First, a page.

Torontonians will soon be able to access drive-thru COVID-19 testing from the convenience of their car, a service that will ideally be one of the most expedient ways to get tested before travel. Go Rapid Test will offer rapid antigen test results in 15 minutes and PCR test results in under 24 hours, with no appointment needed, and online booking. This means that travellers could use this service before heading to the U.S. and other countries worldwide that require proof of vaccination (travellers should contact their travel destination to confirm the type of test results needed).
The drive-thru service is already available in Calgary and Vancouver (with a walk-thru service available in Banff). You simply purchase your test in advance. As no appointment is needed, you arrive at the drive-thru collection centre during their hours of operation and show your digital receipt as proof of purchase. A registered nurse or a trained health care practitioner will conduct the test without you leaving your car. Test results will be emailed to you.
Depending on the service you choose, the tests required for traveling will set you back anywhere between $74 and $350.
Paid rapid-testing and same day/next-day results, although pricey, are available at private clinics across Ontario. Click here for seven places in Toronto where you can get (near) same-day COVID-19 test results for travel.
What are the different types of COVID-19 tests?
PCR Lab Tests: PCR is the most commonly used Nucleic Acid Amplification Test (NAAT) technique for detecting nucleic acid in a sample (meaning—it is highly accurate and can show if someone currently has COVID-19). These tests are considered the gold standard in COVID-19 testing (it’s a good idea to opt for this test when possible).
Rapid PCR Tests: similar to the PCR lab test, these tests look for virus cells and shows if someone has a current COVID-19 infection, although these tests are less sensitive than lab-based PCR tests.
Rapid Antigen Tests: these tests look for proteins from the COVID-19 virus. Results are available in about 15 to 20 minutes, so it’s useful for repeated screening of asymptomatic people in high-risk settings (e.g., staff/visitors in long-term care homes). These tests however aren’t as accurate as PCR tests. People who receive a positive result with a rapid antigen test, but who are considered low risk (e.g., no symptoms), may require a confirmation PCR test.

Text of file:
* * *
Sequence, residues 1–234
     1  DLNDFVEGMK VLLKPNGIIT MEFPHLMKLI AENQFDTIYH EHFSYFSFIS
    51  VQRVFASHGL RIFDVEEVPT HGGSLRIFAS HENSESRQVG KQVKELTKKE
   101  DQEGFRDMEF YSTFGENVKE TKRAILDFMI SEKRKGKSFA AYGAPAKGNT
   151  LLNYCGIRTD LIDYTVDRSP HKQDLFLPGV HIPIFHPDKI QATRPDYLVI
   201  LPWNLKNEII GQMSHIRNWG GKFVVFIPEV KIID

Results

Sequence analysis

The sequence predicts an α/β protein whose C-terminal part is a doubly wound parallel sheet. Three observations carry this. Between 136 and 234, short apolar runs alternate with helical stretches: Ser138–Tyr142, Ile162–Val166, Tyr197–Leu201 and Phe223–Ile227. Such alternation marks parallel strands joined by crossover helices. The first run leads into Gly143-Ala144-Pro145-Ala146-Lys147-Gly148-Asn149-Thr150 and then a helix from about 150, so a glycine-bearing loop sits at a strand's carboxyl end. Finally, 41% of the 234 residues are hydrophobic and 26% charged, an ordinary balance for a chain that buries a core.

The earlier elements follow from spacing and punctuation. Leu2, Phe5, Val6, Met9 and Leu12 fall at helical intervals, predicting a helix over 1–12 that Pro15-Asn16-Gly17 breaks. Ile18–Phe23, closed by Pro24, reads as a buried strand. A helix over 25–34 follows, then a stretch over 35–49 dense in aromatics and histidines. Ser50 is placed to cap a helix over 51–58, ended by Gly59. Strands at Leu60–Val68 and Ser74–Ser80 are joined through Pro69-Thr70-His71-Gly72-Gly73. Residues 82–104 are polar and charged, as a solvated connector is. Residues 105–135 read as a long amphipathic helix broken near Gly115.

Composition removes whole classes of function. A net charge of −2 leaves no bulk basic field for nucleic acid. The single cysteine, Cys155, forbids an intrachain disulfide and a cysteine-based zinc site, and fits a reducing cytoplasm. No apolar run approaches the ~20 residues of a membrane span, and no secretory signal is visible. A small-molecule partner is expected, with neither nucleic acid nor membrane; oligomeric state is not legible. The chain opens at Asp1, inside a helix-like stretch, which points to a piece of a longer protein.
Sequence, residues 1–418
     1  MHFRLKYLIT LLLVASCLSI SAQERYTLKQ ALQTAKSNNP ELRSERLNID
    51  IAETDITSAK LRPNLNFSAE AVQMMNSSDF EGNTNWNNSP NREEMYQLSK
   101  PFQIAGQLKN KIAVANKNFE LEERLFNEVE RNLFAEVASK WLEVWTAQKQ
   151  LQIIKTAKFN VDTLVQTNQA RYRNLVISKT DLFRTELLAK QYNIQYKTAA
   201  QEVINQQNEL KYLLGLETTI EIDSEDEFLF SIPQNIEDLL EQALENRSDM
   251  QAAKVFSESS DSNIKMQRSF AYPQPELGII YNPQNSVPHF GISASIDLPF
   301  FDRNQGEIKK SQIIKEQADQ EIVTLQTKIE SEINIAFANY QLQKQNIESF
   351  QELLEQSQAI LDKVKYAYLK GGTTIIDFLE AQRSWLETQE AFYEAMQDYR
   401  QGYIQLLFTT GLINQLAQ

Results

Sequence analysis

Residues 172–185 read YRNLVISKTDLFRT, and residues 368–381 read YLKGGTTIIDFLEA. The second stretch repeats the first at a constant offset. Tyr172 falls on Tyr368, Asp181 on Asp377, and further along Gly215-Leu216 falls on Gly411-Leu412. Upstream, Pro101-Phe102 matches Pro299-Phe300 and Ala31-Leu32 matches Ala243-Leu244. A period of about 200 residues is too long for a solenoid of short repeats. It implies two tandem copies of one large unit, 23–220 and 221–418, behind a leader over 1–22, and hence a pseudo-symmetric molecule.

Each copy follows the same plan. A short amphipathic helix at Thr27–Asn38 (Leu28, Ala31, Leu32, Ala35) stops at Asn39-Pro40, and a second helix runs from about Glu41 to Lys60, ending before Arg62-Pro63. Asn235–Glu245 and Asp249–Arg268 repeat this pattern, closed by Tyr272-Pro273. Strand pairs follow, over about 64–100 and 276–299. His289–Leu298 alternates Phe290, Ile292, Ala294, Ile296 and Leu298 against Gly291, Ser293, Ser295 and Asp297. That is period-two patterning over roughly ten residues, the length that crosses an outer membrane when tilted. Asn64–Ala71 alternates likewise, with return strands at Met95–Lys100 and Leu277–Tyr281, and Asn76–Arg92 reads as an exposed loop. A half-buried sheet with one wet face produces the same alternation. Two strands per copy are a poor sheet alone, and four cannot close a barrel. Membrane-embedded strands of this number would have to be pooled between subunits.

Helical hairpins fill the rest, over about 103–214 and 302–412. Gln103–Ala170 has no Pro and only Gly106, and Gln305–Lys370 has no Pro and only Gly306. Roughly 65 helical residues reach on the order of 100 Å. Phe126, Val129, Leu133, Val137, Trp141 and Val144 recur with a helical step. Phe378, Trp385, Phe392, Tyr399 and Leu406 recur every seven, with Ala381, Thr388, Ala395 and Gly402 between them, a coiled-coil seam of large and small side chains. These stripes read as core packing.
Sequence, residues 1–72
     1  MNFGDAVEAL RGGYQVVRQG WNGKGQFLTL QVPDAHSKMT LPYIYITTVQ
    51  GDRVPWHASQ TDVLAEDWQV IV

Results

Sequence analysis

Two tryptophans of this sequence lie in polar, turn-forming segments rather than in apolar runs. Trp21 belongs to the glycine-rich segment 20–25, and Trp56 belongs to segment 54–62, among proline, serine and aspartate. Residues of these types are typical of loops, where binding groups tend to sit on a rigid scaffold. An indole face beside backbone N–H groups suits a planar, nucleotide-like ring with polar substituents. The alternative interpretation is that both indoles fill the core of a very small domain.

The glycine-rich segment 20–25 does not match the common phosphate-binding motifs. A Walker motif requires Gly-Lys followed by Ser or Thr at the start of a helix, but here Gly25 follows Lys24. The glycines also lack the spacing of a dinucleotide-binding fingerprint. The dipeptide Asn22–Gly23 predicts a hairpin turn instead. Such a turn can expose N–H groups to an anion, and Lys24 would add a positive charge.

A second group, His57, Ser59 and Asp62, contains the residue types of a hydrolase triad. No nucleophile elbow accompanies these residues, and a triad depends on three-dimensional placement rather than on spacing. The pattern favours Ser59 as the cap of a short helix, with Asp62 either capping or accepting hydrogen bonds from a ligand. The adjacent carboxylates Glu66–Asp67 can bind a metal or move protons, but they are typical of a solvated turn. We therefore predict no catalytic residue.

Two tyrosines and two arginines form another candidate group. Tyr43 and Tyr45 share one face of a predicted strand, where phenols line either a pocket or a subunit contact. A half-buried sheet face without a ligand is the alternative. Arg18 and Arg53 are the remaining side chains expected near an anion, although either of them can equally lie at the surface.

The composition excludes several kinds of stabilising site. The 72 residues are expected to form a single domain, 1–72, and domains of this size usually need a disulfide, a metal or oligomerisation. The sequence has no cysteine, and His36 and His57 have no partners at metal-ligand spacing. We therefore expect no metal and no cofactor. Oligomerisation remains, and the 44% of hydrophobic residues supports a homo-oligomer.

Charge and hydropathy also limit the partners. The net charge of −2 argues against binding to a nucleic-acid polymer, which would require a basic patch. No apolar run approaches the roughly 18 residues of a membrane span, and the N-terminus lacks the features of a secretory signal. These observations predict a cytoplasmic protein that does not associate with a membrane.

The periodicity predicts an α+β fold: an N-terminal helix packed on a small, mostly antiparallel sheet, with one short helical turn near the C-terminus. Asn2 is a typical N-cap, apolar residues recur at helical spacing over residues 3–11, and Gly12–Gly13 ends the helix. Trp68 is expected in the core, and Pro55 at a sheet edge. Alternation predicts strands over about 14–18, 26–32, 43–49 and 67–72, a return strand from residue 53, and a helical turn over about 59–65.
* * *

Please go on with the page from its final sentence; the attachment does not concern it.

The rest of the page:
Serology Tests: look for antibodies to COVID-19 in the blood; can help determine if a person was infected with COVID-19 in the past. The accuracy of these tests has not been proven (it is not yet known whether having these antibodies means that a person is immune to COVID-19).
What about Canadians travelling to the U.S.?
The U.S. will opens its land borders with Canada and Mexico to vaccinated travellers on Nov. 8., nearly 20 months after non-essential travellers were prevented from crossing the land borders to address the COVID-19 pandemic. All non-American travellers, arriving by air, land, or by sea, must be fully vaccinated against the virus. Individuals who have any combination of two doses of an FDA approved/authorized vaccine, or a WHO emergency use listed COVID-19 two-dose series (Moderna, Pfizer-BioNTech, AstraZeneca, Sinopharm, Sinovac, and Johnson & Johnson) are considered fully vaccinated.
While, up until the beginning of this year, travellers didn’t need to show negative PCR tests before entering the U.S.—that will change in the New Year for travellers by air.
Effective January 26, the Centers for Disease Control and Prevention (CDC) will require all air passengers two years of age and over entering the U.S. (including U.S. citizens and permanent residents) to present a negative COVID-19 test, taken within three days of departure, or proof of recovery from COVID-19 within the last 90 days. As of publication, fully vaccinated travellers entering the U.S. by land from Canada will not need to present a negative COVID-19 test when the border reopens on Nov. 8.
What tests are needed to get into the U.S.?
Travellers to the U.S. will need to have viral tests (NAAT or an antigen test) conducted to determine if they are currently infected with COVID-19. Rapid tests will also be acceptable as long as they are viral tests.
Click here for more COVID-19 Ontario news.